$300 billion of M&A to be unleashed by blank-check deals

206 companies have gone public through SPACs in 2020

The mergers and acquisitions boom underway will continue over the next few years as special purpose acquisition companies (SPACs) look to put to work $61 billion of unspent proceeds from their initial public offerings, according to Goldman Sachs.

Two hundred six companies have gone public through SPACs in 2020, raising a record $70 billion. Proceeds from SPACs have accounted for 52% of the record $124 billion raised by all U.S. initial public offerings.

“SPACs will need to acquire a target in 2021 or 2022,” wrote David Kostin, chief U.S. equity strategist at Goldman Sachs. “If this year’s 5x ratio of SPAC equity capital to target M&A enterprise value persists, the aggregate enterprise value of these future takeover targets would be $300 billion.”


A SPAC is a “blank check” company formed with the intention of acquiring or merging with another company. SPACs must complete the acquisition within two years or the capital raised needs to be returned to investors.

Billionaire Bill Ackman. (REUTERS/Richard Brian)

The surge in SPACs has been driven by the likes of billionaire Bill Ackman and former Speaker of the House Paul Ryan, to name a few.

Ticker Security Last Change Change %
AZN ASTRAZENECA PLC 54.23 -0.56 -1.02%
ALXN n.a. n.a. n.a. n.a.

A flurry of M&A deals on Monday, led by AstraZeneca’s $39 billion bid for Alexion Pharmaceuticals, has boosted global deals value of global deals above $1 trillion in the final three months of the year. There have now been $2.1 trillion of mergers and acquisitions over the past two quarters, making for the second-strongest second half of the year since recordkeeping began in the 1970s, according to Refinitiv.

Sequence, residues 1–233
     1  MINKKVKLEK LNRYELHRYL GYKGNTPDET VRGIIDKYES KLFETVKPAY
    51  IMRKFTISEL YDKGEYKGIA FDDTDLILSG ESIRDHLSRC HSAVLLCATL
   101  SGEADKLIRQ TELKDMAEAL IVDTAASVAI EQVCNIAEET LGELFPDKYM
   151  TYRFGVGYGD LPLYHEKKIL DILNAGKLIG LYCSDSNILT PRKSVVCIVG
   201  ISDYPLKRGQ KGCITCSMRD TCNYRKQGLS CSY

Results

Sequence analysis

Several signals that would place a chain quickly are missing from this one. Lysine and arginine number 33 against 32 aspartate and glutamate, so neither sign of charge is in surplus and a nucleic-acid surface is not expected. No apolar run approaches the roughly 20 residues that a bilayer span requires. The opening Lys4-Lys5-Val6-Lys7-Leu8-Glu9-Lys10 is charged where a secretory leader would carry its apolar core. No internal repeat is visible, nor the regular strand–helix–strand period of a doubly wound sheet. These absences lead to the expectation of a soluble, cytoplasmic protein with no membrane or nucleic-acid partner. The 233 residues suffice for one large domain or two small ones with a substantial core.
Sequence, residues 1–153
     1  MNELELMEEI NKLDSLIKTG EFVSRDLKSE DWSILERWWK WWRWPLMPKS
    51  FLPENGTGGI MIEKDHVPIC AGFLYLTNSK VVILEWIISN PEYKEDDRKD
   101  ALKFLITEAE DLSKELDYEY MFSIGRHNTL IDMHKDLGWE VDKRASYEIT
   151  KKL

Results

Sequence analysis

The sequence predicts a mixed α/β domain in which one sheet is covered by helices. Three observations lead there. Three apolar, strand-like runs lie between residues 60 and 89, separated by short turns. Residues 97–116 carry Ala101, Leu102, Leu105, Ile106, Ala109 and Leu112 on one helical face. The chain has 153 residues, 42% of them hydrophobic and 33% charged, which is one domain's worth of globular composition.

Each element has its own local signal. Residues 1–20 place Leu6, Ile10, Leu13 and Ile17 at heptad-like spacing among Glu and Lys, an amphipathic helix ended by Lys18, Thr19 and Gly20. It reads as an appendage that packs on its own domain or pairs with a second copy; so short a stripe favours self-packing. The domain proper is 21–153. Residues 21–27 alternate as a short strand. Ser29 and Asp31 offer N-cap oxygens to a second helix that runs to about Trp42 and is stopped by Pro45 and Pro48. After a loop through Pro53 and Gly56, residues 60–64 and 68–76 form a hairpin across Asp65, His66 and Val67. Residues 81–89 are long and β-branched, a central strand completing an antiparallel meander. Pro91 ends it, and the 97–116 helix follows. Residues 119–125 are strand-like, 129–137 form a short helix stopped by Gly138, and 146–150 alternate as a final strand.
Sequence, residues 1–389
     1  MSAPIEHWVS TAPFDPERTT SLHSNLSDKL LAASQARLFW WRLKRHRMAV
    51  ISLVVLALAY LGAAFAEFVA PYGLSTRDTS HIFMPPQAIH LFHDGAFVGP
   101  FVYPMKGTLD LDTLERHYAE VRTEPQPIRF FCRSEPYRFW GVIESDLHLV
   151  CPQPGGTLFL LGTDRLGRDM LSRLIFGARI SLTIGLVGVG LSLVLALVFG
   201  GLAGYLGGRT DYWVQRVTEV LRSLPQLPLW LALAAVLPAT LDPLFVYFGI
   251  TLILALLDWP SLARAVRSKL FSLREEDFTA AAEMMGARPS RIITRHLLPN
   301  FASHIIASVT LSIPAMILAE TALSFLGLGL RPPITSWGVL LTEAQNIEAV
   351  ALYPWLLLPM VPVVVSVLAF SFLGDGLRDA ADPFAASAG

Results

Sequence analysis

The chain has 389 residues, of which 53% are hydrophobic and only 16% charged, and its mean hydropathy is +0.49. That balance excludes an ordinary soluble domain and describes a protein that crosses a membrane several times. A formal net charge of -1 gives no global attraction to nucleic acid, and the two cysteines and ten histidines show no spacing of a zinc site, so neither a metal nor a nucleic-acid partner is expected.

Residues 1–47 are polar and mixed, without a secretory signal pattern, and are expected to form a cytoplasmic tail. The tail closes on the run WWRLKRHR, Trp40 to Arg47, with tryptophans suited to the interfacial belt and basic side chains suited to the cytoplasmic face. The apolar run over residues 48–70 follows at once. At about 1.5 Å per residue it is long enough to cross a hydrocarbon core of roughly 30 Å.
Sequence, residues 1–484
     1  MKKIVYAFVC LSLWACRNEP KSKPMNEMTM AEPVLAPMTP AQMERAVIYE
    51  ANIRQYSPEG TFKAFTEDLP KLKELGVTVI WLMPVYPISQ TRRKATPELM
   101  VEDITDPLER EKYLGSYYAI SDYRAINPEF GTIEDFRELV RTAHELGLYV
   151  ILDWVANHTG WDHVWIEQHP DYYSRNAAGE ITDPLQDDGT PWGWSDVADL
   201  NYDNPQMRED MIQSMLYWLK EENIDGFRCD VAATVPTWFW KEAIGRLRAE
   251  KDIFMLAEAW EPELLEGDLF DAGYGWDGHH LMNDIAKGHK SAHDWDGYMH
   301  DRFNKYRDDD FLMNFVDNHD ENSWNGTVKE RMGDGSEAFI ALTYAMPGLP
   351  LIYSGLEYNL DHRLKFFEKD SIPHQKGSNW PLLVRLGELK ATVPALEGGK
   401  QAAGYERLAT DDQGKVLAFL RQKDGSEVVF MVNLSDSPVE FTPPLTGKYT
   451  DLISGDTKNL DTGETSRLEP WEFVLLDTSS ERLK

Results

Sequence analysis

Ticker Security Last Change Change %
DKNG DRAFTKINGS, INC. 28.37 -2.93 -9.36%
NKLA NIKOLA CORP. 9.45 -0.43 -4.35%

DraftKings Inc. and Nikola Corp. were among the companies that went public via SPAC this year. The vehicle has become more popular in 2020 as sponsors have shifted their focus from value to growth, according to Goldman.


Sixty-eight percent of SPACs in 2020 were done in the IT, consumer discretionary and healthcare sectors compared to just 24% in energy, financials and industrials making for a sharp turnaround from the 53%-33% split over the past decade that favored value.

The firm also attributes the popularity in using SPACs to go public to the rebirth of the retail investor and the low opportunity cost for investors with near-zero interest rates.

Goldman expects “a high level of SPAC activity” in 2021, but warns the appetite for these type of deals could diminish if the weak-returns that have followed the deals persist.

The post-acquisition median 1-month, 3-month and 6-month excess returns compared to the S&P 500 have been minus 18 percentage points, minus 6 percentage points and minus 16 percentage points.